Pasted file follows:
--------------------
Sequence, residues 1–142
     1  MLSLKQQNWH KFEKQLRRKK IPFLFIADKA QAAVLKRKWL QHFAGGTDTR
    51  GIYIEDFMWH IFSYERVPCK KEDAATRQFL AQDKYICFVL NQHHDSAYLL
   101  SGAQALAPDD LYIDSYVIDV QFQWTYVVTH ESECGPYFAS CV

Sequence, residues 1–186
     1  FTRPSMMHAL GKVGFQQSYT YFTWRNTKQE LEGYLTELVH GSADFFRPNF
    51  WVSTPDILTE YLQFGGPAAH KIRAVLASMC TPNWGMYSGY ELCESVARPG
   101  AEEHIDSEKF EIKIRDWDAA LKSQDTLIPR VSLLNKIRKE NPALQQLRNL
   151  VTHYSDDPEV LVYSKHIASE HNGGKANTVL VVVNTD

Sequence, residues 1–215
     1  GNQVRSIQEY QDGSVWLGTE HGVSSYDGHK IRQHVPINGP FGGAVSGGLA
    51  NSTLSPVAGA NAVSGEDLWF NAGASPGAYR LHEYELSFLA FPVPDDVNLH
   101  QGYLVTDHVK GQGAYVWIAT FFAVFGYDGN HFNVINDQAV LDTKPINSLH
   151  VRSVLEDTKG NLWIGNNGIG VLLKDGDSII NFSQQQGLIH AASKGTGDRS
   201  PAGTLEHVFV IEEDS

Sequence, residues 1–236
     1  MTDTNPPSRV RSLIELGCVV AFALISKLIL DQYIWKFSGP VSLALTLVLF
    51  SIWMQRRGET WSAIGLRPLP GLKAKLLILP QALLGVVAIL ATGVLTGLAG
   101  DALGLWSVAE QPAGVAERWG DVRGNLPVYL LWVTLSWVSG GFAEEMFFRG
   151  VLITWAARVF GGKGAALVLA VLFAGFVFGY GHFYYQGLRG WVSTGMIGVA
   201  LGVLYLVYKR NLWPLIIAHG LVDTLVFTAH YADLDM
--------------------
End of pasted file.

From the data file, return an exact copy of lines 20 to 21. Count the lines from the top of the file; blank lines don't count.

   151  VLITWAARVF GGKGAALVLA VLFAGFVFGY GHFYYQGLRG WVSTGMIGVA
   201  LGVLYLVYKR NLWPLIIAHG LVDTLVFTAH YADLDM